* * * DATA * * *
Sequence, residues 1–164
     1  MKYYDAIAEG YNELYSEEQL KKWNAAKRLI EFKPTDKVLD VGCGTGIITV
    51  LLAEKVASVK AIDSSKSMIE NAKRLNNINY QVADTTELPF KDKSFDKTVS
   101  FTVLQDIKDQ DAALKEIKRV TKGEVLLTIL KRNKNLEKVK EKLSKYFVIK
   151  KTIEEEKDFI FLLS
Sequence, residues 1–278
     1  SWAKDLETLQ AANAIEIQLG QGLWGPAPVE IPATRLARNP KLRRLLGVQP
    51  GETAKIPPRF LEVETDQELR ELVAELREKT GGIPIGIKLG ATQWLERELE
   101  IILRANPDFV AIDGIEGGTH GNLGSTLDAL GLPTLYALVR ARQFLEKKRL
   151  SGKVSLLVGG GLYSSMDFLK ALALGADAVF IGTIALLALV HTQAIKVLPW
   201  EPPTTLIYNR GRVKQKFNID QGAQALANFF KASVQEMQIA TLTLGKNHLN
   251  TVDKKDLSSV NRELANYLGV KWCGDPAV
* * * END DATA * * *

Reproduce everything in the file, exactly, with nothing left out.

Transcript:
Sequence, residues 1–164
     1  MKYYDAIAEG YNELYSEEQL KKWNAAKRLI EFKPTDKVLD VGCGTGIITV
    51  LLAEKVASVK AIDSSKSMIE NAKRLNNINY QVADTTELPF KDKSFDKTVS
   101  FTVLQDIKDQ DAALKEIKRV TKGEVLLTIL KRNKNLEKVK EKLSKYFVIK
   151  KTIEEEKDFI FLLS
Sequence, residues 1–278
     1  SWAKDLETLQ AANAIEIQLG QGLWGPAPVE IPATRLARNP KLRRLLGVQP
    51  GETAKIPPRF LEVETDQELR ELVAELREKT GGIPIGIKLG ATQWLERELE
   101  IILRANPDFV AIDGIEGGTH GNLGSTLDAL GLPTLYALVR ARQFLEKKRL
   151  SGKVSLLVGG GLYSSMDFLK ALALGADAVF IGTIALLALV HTQAIKVLPW
   201  EPPTTLIYNR GRVKQKFNID QGAQALANFF KASVQEMQIA TLTLGKNHLN
   251  TVDKKDLSSV NRELANYLGV KWCGDPAV